Sherlock: Season One
DVD | Blu-ray
Starring Benedict Cumberbatch, Martin Freeman, Rupert Graves
Release Date: November 9, 2010
With the large and pricey marketing campaign that accompanied the re-imagined Sherlock Holmes film from director Guy Richie, it’s entirely reasonable that the latest iteration of Sir Arthur Conan Doyle’s work went unnoticed — especially for anyone living in the U.S. I’m of course talking about the BBC television series Sherlock conceived by writer/producer Steven Moffat (Doctor Who, Coupling) and Mark Gatiss.
Unlike previous adaptations to the screen, this Sherlock is set in the modern day, which both Gatiss and Moffat explain was fairly easy to do and added a lot back to the basic premise of why the classic stories were so great to begin with. Therefore John Watson writes a blog instead of keeping a diary (though, he was still wounded while serving as a medical doctor in Afghanistan, only in the most recent war); Sherlock writes texts messages instead of letters, and street informants aren’t orphan children but members of the homeless population in London. Sherlock uses a small magnifying glass that is encased in leather and fits in his pocket rather than the large lens that’s become iconic with all sleuthing fiction.
Admittedly, these modernized changes may cause concern for those who haven’t seen the show, but Moffat makes a very good point in a behind the scenes video included on the DVD. He recalls the conversation he had with Gatiss while filming Doctor Who in which he explains that most Sherlock stories were so in love with the original time period that it became more focused on the romanticism of the era — clothes, style, slang, etc. — than the core aspects of why Conan Doyle’s original stories were so wonderful to begin with. Modernizing was a way for them to strip all the unnecessary historical bits to make room for phenomenal storytelling.
And phenomenal is really an understatement.
Benedict Cumberbatch portrays Sherlock Holmes as an almost impossibly intelligent genius who speaks a mile a minute without a hint of pause of hesitance. His interactions with others is brilliantly done by bordering on many of the characteristics of someone with Asperger’s syndrome, but always pulls back ever so slightly to let everyone watching his performance know that it is Sherlock who is in control of every conversation. Watching him go on makes your feel smarter — almost like you’ve been elevated to the kind of divine thought process granted to Sherlock. All subtle details become clear as day and pieced together as quickly as they’re explained, which happens not only with the brilliantly written dialogue from the show’s writing team, but also through various visual cues. For instance, any time a text message is received, the words are shown within the shot rather than clunkily repeated for the audience. The only genuine dialogue you hear from Sherlock comes from the back and forth between him and his assistant Watson, played by Martin Freeman, who is the perfect complement to Cumberbatch.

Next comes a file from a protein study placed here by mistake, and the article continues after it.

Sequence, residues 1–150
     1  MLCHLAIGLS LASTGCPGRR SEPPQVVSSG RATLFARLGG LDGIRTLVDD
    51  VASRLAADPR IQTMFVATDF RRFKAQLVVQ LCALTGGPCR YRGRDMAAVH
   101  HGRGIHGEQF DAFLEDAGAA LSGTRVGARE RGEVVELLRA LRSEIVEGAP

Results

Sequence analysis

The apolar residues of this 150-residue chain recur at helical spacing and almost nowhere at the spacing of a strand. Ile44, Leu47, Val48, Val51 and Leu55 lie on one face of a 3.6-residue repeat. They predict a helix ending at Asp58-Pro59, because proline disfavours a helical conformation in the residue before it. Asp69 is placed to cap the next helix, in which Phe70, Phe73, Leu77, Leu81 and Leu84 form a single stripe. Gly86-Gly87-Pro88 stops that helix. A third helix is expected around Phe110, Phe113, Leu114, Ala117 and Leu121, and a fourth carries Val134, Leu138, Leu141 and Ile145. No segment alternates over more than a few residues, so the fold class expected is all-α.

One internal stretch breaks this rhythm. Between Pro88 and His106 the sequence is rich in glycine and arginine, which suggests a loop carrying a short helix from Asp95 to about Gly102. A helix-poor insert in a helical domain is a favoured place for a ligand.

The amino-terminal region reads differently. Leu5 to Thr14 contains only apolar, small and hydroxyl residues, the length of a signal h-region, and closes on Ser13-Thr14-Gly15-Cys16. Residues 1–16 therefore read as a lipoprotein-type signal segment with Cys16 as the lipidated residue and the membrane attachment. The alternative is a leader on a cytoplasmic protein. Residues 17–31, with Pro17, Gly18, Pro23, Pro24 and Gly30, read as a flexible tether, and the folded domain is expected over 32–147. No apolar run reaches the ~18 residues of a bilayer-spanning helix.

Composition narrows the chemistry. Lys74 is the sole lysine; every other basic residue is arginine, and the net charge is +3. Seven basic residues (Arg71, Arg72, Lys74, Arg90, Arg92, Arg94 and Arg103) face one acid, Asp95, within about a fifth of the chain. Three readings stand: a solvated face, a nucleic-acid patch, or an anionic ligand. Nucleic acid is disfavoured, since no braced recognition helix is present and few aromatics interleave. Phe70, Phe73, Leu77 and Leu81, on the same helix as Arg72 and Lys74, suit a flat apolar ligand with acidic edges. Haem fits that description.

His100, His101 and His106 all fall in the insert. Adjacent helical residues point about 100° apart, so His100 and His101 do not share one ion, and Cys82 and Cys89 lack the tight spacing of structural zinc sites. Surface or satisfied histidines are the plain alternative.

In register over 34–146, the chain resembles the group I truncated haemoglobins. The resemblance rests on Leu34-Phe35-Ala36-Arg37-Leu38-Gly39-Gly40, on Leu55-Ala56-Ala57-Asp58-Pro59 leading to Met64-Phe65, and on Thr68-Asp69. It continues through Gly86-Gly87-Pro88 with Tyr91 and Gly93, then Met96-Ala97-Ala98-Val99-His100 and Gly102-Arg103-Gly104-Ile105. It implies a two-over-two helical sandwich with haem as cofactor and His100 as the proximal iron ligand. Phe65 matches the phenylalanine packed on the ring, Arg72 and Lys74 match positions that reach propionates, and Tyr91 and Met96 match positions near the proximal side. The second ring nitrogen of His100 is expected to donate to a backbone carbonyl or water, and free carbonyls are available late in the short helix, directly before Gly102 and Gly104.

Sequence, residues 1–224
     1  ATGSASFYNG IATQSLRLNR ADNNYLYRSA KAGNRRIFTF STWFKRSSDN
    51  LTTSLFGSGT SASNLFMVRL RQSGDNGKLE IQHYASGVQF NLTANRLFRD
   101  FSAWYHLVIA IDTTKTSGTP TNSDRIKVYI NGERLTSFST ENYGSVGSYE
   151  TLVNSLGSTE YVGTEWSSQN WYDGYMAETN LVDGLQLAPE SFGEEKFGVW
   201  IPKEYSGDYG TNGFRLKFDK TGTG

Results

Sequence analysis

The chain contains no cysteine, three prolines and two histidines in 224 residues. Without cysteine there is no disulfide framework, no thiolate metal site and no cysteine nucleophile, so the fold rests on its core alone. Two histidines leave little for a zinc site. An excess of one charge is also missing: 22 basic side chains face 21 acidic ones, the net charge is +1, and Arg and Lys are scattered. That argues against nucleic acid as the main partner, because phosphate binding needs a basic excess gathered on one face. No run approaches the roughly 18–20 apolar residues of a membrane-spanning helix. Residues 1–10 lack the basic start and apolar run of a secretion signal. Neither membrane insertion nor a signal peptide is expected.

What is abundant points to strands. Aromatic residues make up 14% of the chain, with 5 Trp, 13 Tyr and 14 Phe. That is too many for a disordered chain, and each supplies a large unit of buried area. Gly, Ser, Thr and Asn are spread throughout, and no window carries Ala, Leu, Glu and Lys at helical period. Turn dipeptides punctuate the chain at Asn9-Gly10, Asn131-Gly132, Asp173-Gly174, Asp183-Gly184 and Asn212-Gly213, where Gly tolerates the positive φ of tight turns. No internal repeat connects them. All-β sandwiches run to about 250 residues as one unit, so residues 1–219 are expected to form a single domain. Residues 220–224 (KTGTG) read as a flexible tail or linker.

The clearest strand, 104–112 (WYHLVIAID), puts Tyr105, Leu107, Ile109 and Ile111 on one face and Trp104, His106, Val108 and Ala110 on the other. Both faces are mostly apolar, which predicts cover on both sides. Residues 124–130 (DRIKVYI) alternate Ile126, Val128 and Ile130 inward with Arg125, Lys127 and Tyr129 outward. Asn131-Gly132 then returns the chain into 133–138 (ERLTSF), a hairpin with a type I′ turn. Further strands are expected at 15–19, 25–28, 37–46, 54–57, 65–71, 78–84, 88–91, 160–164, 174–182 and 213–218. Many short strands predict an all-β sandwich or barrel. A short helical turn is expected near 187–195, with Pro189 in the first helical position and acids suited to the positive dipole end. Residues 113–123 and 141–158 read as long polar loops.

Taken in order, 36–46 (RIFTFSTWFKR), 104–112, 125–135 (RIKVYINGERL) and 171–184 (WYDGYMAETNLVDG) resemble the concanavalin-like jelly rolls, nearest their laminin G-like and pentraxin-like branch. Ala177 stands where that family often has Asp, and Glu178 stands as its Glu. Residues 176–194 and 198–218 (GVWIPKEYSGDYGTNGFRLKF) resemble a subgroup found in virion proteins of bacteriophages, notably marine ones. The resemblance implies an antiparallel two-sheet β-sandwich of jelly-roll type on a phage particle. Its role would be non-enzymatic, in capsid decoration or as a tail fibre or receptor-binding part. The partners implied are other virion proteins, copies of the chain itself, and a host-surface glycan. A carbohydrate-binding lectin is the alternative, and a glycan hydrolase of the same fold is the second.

The 2-disc Sherlock Season One DVD includes all 3 episodes, as well as a pilot episode that was later refilmed when BBC greenlit the show and thus was never broadcast on television. While this doesn’t seem like much, keep in mind that each episode is about 90 minutes long making it competitive with feature films in both length and entertainment value. The DVD also contains two behind the scenes video reels with the show’s producers that are well worth the viewing.
For fans of Moffat, Sherlock Holmes or sleuth fiction, buying the DVD set prior to actually having seen the show should not be a barrier to entry. Sherlock is definitely worthy of multiple viewings.